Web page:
Strawberry Fields (Canadian festival)

Last updated
Strawberry Fields
Genre Rock music,
DatesAugust 7-August 10, 1970
Location(s) Canadian Tire Motorsport Park in Bowmanville, Ontario, Canada
Founded byJohn Brower
Attendance~75,000 (est.)

The Strawberry Fields Festival was a rock music festival held at Canadian Tire Motorsport Park (formerly Mosport Park) in Bowmanville, Ontario, Canada, about 100 kilometers east of Toronto, between August 7 and the early morning hours of August 10, 1970. Although accounts vary, the audience has been estimated at between 75,000 and 100,000 people. [1] A three-day ticket for the festival sold for $15.00.

Rock music is a broad genre of popular music that originated as "rock and roll" in the United States in the early 1950s, and developed into a range of different styles in the 1960s and later, particularly in the United States and the United Kingdom. It has its roots in 1940s and 1950s rock and roll, a style which drew heavily from the genres of blues, rhythm and blues, and from country music. Rock music also drew strongly from a number of other genres such as electric blues and folk, and incorporated influences from jazz, classical and other musical styles. Musically, rock has centered on the electric guitar, usually as part of a rock group with electric bass, drums, and one or more singers. Usually, rock is song-based music usually with a 4/4 time signature using a verse–chorus form, but the genre has become extremely diverse. Like pop music, lyrics often stress romantic love but also address a wide variety of other themes that are frequently social or political.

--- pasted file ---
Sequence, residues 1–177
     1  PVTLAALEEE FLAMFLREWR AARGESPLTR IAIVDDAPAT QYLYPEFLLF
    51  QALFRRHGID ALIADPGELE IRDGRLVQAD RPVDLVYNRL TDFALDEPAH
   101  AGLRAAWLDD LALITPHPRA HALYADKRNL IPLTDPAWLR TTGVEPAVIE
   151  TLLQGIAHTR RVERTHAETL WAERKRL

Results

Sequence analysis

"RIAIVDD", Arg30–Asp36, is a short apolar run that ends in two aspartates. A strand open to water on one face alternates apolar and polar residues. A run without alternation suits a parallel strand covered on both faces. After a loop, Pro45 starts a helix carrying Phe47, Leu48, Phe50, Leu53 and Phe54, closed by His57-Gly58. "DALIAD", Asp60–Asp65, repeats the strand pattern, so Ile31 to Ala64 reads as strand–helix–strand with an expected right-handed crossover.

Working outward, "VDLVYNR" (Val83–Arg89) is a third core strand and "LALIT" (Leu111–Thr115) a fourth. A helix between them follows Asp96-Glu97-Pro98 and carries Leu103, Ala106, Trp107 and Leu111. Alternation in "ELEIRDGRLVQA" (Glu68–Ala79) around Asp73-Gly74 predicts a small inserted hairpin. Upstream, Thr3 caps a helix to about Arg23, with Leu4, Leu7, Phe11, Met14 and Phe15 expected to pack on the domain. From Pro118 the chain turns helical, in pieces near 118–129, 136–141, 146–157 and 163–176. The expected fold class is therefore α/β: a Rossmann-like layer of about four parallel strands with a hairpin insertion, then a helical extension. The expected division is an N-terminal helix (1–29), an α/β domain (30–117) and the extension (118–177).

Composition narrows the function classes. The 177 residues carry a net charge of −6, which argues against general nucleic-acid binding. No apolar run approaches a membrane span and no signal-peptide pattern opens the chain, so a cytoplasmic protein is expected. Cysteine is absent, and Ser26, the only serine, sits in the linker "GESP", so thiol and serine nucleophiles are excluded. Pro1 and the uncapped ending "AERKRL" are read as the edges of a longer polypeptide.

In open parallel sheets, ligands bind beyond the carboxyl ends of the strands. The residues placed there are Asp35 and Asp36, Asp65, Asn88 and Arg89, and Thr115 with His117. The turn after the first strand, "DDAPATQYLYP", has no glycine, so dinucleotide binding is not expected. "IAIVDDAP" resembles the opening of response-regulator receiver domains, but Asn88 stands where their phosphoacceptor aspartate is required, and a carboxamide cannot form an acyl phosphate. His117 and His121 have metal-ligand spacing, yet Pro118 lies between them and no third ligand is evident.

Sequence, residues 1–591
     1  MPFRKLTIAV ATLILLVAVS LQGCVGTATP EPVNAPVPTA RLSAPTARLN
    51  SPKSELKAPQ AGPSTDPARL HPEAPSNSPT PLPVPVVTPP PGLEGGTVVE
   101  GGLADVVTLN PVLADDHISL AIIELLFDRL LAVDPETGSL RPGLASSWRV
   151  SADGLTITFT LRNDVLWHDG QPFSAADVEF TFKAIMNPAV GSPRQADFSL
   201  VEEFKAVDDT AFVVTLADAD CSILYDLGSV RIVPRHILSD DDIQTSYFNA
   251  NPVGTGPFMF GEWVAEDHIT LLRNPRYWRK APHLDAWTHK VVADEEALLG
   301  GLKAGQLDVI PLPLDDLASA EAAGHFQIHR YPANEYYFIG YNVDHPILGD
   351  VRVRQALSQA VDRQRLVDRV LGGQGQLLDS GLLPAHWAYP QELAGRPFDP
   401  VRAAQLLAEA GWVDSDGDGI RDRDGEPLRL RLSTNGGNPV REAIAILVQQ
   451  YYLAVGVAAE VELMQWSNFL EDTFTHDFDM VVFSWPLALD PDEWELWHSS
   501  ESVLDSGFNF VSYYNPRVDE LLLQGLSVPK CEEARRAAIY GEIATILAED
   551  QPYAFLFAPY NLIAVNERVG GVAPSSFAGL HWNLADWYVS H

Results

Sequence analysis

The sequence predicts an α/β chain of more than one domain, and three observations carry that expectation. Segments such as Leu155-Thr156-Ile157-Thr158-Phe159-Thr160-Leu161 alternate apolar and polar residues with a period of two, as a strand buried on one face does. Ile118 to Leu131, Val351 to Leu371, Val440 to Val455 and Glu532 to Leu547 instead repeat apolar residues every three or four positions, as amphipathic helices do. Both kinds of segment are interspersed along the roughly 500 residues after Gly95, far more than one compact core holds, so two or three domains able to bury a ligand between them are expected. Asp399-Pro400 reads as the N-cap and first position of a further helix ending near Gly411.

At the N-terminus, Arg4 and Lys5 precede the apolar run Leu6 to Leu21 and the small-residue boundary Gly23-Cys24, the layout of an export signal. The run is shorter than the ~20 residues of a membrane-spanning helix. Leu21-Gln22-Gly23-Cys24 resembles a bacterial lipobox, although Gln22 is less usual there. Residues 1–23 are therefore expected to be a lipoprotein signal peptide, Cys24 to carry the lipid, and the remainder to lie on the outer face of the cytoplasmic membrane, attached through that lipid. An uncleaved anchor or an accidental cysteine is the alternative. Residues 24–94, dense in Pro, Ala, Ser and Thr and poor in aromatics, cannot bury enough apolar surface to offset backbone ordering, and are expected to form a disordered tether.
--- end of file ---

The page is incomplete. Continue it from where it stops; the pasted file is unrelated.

Canadian Tire Motorsport Park Motorsport track in Canada

Canadian Tire Motorsport Park is a multi-track motorsport venue located north of Bowmanville, in Ontario, Canada. The facility features a 2.459-mile (3.957 km), 10-turn road course; a 2.9 km advance driver and race driver training facility with a quarter-mile skid pad and a 1.5 km kart track. The name "Mosport" is a portmanteau of Motor Sport, came from the enterprise formed to build the track; it is pronounced as the two words actually sound, "Mo-Sport".

Toronto Provincial capital city in Ontario, Canada